Failure to ID in Texas
A recent post in a Texas Lawyers forum raised the question of whether a person who is detained by the police has to identify themselves. It makes sense for an officer to ask for your license if you were driving, but what is your duty to identify yourself when the police stop you and you weren't driving?
There were 50 comments on the Texas Lawyers thread within an hour, and if anything was clear, it was this: "Failure to ID" is a confusing charge, even for lawyers.
So let's break it down.
Do I have to identify myself to the police in Texas?
It turns out you only have to identify yourself if you are under arrest, not merely detained. That’s surprising. If you want to read the statute, turn to Penal Code 38.02.
Do I have to identify myself if I am detained?
There is no requirement to identify yourself unless you are under arrest. If you are detained, you may choose not to identify yourself, but lying about your identity while you are detained is an offense.
Why are there Failure to ID charges that occur before a person is arrested?
The title of the offense is confusing. Failure to ID, when it occurs before a person is under arrest, means a person gave a false name or date of birth. It’s sometimes listed as Failure to Identify – False or Fictitious Information. In other words, there would have been no criminal charge for failing to identify if the person had kept quiet during their detention. It is their lie that got them in trouble.
Things change when you are placed under arrest. If you are arrested, you must give your name, date of birth, and address.
Do I have to identify myself after an arrest?
Yes. You must provide your name, date of birth, and address. There is no requirement to provide that information in any particular form, such as a license or identification card.
Again, in Texas, if you are not under arrest, you do not have to identify yourself. You can simply decline to provide your name and date of birth. Likewise, if you are being detained, but not under arrest, you are not required to identify yourself to police. This is why most officers who stop a motorist ask for license and registration, which provides them with the information they want without having to ask for it.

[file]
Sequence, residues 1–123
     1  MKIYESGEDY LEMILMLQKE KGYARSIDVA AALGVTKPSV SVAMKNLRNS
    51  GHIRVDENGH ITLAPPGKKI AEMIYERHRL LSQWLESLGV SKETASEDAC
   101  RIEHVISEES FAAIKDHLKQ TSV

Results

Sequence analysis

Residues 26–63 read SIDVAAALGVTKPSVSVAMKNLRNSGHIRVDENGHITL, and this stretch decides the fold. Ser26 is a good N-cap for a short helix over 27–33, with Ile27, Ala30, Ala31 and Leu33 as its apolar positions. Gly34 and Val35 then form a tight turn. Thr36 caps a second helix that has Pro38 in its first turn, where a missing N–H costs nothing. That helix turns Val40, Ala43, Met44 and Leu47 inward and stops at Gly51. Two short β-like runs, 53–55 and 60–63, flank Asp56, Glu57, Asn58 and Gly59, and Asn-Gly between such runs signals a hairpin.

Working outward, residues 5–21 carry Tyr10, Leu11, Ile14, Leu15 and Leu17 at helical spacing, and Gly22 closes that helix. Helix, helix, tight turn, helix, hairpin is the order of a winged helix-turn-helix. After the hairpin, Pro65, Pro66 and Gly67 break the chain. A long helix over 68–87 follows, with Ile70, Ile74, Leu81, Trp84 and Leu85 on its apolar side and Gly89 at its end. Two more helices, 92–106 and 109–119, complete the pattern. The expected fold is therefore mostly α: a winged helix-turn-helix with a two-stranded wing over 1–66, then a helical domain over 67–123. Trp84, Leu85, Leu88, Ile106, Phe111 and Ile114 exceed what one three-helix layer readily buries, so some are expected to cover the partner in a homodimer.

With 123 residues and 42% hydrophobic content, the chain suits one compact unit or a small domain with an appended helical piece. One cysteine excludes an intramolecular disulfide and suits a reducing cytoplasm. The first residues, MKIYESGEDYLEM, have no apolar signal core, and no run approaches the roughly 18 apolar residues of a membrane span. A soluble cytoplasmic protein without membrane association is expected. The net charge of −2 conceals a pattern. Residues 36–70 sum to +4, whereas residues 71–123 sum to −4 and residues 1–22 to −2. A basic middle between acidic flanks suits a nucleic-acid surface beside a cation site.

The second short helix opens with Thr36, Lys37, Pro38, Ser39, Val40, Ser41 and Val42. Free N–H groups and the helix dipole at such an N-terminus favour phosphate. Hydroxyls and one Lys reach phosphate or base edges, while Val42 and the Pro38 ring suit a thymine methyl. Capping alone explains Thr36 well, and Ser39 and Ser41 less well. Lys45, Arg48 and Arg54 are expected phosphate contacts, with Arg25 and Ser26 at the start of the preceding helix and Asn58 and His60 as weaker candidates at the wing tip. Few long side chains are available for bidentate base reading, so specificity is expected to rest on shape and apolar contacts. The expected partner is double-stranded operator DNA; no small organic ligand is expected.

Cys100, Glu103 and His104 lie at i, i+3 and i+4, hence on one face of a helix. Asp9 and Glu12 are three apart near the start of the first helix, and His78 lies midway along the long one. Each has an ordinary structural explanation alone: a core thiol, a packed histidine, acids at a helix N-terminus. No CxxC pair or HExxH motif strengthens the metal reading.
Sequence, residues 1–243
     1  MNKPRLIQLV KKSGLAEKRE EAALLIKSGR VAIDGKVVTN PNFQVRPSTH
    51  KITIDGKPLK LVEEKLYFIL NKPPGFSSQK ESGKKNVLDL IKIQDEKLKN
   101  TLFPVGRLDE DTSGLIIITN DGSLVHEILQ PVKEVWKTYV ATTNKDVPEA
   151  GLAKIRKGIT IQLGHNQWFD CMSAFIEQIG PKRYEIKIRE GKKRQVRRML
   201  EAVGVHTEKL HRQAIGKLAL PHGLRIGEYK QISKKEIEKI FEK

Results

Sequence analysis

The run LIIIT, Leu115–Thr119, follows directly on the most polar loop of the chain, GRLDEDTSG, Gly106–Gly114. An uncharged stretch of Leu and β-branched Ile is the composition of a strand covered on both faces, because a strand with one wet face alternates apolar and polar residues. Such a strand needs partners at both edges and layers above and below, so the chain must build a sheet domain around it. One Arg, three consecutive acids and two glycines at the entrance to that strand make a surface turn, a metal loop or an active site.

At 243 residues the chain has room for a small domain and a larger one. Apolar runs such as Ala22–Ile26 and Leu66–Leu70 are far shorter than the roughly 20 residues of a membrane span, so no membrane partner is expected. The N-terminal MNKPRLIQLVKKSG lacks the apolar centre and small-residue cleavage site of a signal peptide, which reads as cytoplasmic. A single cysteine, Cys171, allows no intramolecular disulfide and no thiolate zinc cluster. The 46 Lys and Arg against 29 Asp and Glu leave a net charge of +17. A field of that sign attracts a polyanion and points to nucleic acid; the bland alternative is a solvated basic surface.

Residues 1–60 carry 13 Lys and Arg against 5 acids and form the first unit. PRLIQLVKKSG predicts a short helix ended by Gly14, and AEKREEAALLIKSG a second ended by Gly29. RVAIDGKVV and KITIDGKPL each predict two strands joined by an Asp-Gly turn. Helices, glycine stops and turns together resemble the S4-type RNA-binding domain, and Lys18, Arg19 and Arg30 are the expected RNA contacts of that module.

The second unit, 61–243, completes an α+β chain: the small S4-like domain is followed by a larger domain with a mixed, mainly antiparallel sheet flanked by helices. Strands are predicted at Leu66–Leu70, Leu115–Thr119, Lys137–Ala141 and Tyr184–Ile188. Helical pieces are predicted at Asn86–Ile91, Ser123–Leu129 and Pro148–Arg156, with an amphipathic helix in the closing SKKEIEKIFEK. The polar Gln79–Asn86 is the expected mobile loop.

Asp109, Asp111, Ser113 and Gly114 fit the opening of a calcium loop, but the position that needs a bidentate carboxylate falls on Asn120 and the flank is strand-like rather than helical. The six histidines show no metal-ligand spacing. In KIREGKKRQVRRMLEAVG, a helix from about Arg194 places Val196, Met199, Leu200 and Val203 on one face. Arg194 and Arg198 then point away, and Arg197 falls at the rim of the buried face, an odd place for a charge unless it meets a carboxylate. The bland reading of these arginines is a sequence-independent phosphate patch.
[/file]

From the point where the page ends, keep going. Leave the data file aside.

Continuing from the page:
What is Failure to Identify or Failure to ID in Texas?
If you are under arrest and the arrest is lawful, it is a crime to not provide identifying information to police. Failure to identify yourself when an officer has lawfully arrested you is a Class C misdemeanor offense in Texas, which is punishable by a fine of up to $500.
This same offense rises to a Class B misdemeanor if you fail to identify yourself to an officer who has lawfully arrested you and you have a warrant out for your arrest.
What can happen if you lie about who you are?
In Texas, it is a crime to intentionally give an officer false or fictitious identifying information when the officer has:
- lawfully arrested you;
- lawfully detained you; or
- has good reason to believe you are a witness to a crime.
Giving false information is a Class B misdemeanor punishable by up to 180 days in jail and up to a $2,000 fine. It is important to point out that the crime here wasn’t failing to provide identifying information, but rather, it was falsifying the information that was provided. For example, if you are being detained and intentionally gave a false name or an address that didn’t exist, you could be charged with failure to identify.
What if there is a warrant out for your arrest?
If you have a warrant out for your arrest, the punishment is increased one level. A Class C misdemeanor for refusing to identify yourself becomes a Class B misdemeanor. A Class B misdemeanor for providing false information becomes a Class A misdemeanor. This is often referred to as Failure to ID – Fugitive.
If you have been charged with failure to identify, or failure to identify-fugitive, call us at (817) 203-2220 for a complimentary strategy session. Our team of former prosecutors and Board Certified Criminal Lawyers are here to help. During this call we will:
- Discuss the facts of your case;
- Discuss the legal issues involved, including the direct and collateral consequences of the allegation; and
- Discuss the defenses that apply to your plan and in general terms discuss our approach to your case.
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